“I then met Mark, I liked what he done and he is a quality trainer with a good background as well, so I decided to go with him. I think it is the best choice I have made,” he reasoned, admitting that his style was a little robotic at the time, requiring a spot of Tibbs tweaking.
“When I first came to Mark I hadn’t been in the gym for a while so I was a bit stiff and everything was out of sync. After spending a bit of time with Mark and listening to what he was telling me, he got me relaxing more with greater variety in my punches.
“When I had my debut I felt so confident knowing that I had Mark in my corner, with his dad helping as well, so I knew I was in brilliant hands.”
Not that his debut went without a hitch, with a jab of the needle variety proving more than just a thorn in his side, resulting in his York Hall entry being delayed by a month.
“I was originally meant to be fighting in June, but I had a bit of trouble with my medical. I had a hepatitis B injection then had my bloods withdrawn about two days after – and this was all in the week of my fight. Traces of the injection still showed up in my blood and it looked like I had hepatitis B, so I had to pull out.
“I found out about three days before my debut and I had sold about a hundred tickets, then I found I couldn’t box and had to take all the ticket money back and it was a massive headache. I was a bit down, thinking there might be something wrong with my blood, but people told me it had happened before.
“I had my bloods done again about two weeks later and then got the new date of July 17. It came through all fine and I was good to go.”
His debut demolition of Aaron Robinson in just over a 100 seconds saw him follow in family footsteps, with father Steve a former professional of 19 contests at the same weight.
“I’ve always wanted to fight as a pro because my dad boxed as well, so I’ve always been around boxing. I’ve felt from a young age that I box more like a professional as well because my dad taught me how to fight like a pro during my time as an amateur.
“Now it is done I am ready to get the ball rolling and start to make a name for myself. Everyone used to say to me that I would be nervous for my debut but, to be honest, I thought I was really relaxed in the dressing room. I think the main reason is that I know I’ve got good people behind me.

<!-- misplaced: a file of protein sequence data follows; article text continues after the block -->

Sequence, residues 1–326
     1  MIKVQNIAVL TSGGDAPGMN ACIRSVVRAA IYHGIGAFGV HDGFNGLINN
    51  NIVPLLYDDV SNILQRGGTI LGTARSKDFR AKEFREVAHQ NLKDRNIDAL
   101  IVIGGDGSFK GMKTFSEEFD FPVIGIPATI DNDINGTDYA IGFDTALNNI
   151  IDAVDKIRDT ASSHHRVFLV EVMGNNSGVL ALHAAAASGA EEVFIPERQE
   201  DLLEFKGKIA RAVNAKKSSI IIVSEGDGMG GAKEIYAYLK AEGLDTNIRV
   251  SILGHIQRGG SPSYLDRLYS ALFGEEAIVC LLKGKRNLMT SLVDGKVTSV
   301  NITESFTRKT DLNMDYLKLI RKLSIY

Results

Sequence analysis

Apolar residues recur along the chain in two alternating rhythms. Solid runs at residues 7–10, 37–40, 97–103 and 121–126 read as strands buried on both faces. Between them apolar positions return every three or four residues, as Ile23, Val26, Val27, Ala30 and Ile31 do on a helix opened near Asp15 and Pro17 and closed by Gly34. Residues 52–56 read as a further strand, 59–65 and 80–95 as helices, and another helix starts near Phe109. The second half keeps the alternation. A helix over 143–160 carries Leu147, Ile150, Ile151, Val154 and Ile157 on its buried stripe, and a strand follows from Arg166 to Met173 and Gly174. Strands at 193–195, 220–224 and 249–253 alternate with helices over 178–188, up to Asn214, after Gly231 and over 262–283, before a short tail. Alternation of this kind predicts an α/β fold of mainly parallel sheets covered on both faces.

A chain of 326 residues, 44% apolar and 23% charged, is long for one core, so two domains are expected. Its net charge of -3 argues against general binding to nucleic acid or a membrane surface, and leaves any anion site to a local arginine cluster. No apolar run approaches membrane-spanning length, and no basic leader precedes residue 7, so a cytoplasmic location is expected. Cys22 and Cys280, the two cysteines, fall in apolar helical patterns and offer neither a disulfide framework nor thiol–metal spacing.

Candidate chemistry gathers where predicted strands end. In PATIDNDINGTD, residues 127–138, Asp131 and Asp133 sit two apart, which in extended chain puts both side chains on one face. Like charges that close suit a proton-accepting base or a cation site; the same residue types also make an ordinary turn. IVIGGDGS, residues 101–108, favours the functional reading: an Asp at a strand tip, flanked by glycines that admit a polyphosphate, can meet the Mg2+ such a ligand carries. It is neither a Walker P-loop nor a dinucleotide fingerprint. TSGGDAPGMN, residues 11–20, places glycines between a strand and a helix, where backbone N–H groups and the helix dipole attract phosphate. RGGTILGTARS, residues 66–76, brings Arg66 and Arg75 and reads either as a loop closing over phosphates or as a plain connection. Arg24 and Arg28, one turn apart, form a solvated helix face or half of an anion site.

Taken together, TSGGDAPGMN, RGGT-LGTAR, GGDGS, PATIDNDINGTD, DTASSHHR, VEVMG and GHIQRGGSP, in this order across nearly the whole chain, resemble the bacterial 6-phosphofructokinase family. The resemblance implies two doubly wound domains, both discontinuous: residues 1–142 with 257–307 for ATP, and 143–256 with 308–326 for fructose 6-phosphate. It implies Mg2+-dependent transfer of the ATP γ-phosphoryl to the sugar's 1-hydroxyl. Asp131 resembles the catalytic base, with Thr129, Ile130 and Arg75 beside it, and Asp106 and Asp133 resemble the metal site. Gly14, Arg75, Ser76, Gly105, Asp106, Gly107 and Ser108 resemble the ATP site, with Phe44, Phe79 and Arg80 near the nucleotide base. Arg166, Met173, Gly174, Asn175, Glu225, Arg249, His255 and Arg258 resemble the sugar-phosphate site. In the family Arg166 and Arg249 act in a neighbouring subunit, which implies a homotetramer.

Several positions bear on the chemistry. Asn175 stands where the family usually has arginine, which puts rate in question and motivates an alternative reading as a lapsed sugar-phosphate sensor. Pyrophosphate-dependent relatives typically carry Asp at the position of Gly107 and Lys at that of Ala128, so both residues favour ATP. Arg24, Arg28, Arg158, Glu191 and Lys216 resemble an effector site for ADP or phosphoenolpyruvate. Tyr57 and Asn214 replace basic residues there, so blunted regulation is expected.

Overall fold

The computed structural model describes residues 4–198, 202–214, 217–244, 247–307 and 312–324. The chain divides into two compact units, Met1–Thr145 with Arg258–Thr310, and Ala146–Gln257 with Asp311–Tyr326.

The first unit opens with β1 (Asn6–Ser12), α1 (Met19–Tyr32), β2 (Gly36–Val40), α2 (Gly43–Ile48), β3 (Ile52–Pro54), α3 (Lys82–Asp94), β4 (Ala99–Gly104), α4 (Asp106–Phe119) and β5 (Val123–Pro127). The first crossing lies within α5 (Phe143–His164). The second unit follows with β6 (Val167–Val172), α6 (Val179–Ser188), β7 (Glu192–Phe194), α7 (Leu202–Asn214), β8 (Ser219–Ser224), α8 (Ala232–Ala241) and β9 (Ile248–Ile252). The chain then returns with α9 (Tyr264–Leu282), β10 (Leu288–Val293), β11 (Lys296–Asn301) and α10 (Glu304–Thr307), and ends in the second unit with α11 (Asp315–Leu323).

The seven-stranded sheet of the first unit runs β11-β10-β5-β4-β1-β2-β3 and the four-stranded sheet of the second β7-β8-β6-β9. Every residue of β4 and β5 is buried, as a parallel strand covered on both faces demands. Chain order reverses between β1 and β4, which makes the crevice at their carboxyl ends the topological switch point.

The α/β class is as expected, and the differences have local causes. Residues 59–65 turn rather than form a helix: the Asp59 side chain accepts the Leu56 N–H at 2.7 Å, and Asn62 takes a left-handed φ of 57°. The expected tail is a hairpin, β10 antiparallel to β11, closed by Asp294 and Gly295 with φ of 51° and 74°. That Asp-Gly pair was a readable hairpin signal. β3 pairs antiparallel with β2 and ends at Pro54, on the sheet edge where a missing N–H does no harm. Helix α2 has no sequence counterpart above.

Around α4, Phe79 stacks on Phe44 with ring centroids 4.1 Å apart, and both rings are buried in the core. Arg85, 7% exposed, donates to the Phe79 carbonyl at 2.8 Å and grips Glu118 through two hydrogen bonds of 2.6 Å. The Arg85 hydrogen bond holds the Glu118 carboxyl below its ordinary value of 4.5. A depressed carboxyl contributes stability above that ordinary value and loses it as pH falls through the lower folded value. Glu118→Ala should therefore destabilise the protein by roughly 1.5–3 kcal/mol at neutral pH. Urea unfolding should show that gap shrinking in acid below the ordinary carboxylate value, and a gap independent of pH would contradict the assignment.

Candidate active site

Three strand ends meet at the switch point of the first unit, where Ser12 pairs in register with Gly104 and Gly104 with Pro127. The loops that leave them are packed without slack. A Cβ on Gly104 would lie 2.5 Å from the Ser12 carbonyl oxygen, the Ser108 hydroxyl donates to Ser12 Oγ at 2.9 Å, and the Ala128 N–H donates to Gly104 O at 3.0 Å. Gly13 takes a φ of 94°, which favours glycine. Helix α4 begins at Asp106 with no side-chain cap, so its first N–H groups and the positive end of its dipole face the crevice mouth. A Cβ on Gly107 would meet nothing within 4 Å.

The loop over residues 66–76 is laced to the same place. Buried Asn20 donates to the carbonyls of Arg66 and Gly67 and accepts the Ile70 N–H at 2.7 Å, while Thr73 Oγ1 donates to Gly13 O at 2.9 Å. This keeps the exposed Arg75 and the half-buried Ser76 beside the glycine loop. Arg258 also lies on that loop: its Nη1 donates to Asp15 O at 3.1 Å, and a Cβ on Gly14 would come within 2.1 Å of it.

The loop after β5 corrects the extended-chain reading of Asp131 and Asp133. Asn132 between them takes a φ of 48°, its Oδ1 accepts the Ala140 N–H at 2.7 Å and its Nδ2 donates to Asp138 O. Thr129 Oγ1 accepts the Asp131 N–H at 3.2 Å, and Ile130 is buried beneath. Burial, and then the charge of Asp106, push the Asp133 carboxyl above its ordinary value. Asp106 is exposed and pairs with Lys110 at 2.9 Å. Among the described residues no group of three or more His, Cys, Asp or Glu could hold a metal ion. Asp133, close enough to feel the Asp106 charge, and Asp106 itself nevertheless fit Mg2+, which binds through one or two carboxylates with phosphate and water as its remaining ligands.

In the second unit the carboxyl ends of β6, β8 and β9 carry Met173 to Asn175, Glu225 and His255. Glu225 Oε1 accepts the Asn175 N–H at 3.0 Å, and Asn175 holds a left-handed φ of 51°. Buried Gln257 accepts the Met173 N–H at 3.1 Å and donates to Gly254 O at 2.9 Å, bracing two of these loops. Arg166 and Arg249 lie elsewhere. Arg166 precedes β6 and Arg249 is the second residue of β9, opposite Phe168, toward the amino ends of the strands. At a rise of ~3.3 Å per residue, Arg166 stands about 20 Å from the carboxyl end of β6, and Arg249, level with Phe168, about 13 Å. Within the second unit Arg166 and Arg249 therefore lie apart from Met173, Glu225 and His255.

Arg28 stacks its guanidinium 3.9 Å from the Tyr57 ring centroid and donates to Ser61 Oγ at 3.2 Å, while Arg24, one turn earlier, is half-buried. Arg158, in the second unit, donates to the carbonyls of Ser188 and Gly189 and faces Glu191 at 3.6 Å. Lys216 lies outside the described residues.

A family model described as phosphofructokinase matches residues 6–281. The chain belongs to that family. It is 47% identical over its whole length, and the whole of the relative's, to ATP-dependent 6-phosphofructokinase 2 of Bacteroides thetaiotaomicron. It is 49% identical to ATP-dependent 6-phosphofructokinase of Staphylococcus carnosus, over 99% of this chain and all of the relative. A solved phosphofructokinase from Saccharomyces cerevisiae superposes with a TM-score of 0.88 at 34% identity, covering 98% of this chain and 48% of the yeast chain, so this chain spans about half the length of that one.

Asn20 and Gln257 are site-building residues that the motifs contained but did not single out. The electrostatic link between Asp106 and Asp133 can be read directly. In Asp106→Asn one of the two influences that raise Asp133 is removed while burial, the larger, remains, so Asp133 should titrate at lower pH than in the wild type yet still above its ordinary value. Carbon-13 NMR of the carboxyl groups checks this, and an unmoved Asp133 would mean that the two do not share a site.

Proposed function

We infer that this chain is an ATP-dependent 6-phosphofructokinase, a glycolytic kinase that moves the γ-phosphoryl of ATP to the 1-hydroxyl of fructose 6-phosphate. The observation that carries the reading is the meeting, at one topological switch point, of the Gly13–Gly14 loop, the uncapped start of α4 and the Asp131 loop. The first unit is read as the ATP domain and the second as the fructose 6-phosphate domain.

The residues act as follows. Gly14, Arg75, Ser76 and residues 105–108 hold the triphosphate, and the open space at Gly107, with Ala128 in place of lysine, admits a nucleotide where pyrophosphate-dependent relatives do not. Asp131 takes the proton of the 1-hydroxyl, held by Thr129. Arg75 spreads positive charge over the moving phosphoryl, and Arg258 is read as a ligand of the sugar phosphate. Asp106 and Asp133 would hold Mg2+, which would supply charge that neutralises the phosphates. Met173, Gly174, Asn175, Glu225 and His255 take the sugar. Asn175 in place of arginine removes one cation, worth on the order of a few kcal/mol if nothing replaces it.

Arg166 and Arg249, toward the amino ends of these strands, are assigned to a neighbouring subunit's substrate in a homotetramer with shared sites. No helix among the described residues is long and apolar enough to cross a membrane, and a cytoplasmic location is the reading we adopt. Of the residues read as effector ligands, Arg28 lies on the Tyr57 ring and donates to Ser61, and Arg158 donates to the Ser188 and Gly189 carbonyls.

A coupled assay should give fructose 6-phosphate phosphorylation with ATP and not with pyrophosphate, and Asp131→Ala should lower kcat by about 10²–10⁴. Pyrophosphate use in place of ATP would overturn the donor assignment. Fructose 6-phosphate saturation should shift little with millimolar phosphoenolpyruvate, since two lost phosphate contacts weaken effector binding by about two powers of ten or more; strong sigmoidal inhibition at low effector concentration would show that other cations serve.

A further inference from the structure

“I am ready to move on, take one fight at a time and see where it takes me.”
The next stop is Harrow and an opponent with a few miles on the clock. McCauley is a veteran of 123 fights, so he should know his way around the ring and potentially put some rounds in the bank for the young puncher.
“I’ve watched a few of his fights and he is experienced and durable. He’s only been stopped a few times – and he must fight every week!
“I hope to get rounds, I am going to go in there and try and stop him, but I will see how it comes and get behind my jab. If I catch him clean and know I’ve hurt him then I’ll jump on top of him, but I’ll see what happens.
“I noticed on my debut that I was throwing a lot of combinations and I think it is mainly down to Mark and the pad work we do. When I’m sparring I work behind my jab but when I catch them with a shot he says to let my hands go.”
Letting his hands go – at speed – was a speciality of McNess’ boxing hero, one he admired as much for his ring walks as his his ring craft. He admits that, style-wise, he has little in common with Prince Naseem Hamed, but did once fancy strutting his stuff in a piece of attire Naz would’ve approved of.
“When I was a young boy I used to love him because he was so entertaining. I would have only been about five but I used to love watching him and his entrances, they were so entertaining.
“I remember the magic carpet and him fighting at Madison Square Garden and taking about ten minutes just to walk to the ring.
“When I first went to the Repton, my dad took me when I was nine years old, Charlie Magri had his old boxing shop in Bethnal Green and he had an old pair of leopard print shorts in there. I begged my dad to get me them for the gym, but he never did.
“I would’ve worn them, but not now.”
Strictly claret and blue these days!